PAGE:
NestlÃ© UK is at the centre of a new international communications programme designed to tackle controversy over the marketing of baby milk head-on.
In an internal newsletter, the company admits the primary focus of the programme is the UK because criticism of NestlÃ©’s infant formula marketing practices is particularly strong here.
The move comes seven months after the Advertising Standards Authority upheld a complaint from pressure group Baby Milk Action about a NestlÃ© ad claiming the company is an ethical and responsible marketer of baby milk (MW April 15).
NestlÃ©’s move coincides with the introduction of the NestlÃ© Junior food range – aimed at children aged between one and three.
In the internal document, communications and corporate affairs director David Hudson says NestlÃ© need not be “on the defensive” and should tell people about “our impressive contribution to those developing countries in which we have operated over many decades”.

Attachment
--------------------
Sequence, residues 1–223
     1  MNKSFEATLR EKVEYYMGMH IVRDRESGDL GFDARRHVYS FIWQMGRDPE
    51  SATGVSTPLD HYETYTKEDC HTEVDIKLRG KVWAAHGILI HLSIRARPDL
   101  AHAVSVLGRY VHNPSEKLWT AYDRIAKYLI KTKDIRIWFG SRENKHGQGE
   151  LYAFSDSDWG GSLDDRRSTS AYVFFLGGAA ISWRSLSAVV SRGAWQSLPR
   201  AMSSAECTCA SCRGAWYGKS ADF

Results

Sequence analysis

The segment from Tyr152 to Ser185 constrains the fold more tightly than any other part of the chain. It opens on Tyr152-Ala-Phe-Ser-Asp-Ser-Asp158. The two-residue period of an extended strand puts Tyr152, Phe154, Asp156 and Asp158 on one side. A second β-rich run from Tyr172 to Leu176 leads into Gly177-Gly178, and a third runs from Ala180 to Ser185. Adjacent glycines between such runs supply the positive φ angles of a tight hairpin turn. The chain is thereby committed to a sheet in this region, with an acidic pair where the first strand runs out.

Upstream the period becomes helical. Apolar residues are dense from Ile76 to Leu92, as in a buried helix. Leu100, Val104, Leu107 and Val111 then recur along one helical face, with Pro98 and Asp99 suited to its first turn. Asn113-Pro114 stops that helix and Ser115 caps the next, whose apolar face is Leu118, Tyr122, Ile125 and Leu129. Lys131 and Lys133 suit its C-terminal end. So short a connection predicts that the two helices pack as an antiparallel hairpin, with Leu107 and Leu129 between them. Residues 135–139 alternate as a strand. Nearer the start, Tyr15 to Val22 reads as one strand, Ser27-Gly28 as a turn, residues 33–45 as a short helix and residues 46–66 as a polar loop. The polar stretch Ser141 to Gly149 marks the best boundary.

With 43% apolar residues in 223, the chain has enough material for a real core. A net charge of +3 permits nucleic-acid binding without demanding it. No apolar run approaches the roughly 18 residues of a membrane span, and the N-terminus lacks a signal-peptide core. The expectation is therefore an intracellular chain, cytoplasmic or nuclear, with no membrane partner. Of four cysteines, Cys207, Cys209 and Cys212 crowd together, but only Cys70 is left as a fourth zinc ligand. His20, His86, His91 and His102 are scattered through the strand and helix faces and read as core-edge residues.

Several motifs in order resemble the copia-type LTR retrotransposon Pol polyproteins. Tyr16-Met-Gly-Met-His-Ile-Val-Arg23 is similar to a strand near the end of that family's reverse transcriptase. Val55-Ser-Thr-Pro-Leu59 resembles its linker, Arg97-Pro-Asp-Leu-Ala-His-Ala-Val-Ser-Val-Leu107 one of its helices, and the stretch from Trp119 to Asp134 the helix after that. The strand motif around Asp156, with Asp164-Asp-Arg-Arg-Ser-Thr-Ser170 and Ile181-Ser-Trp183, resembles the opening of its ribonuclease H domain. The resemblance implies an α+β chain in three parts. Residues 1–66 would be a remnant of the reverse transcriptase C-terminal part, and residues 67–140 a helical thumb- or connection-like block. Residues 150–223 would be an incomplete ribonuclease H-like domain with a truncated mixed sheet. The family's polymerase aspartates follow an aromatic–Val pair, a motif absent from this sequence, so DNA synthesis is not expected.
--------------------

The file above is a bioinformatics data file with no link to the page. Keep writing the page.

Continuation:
Politicians, non-governmental organisations and other interested parties have been sent a letter from NestlÃ© chief executive Peter Brabeck-Letmathe. It includes a copy of NestlÃ©’s 180-page report to the director-general of the World Health Organisation (WHO) on a new process for monitoring the company’s compliance with its code on the marketing of breast-milk substitutes.
Baby Milk Action campaigns and networking co-ordinator Mike Brady says: “Brabeck-Letmathe is heading for a public relations disaster. It would be better if he made the necessary changes to the marketing practices.”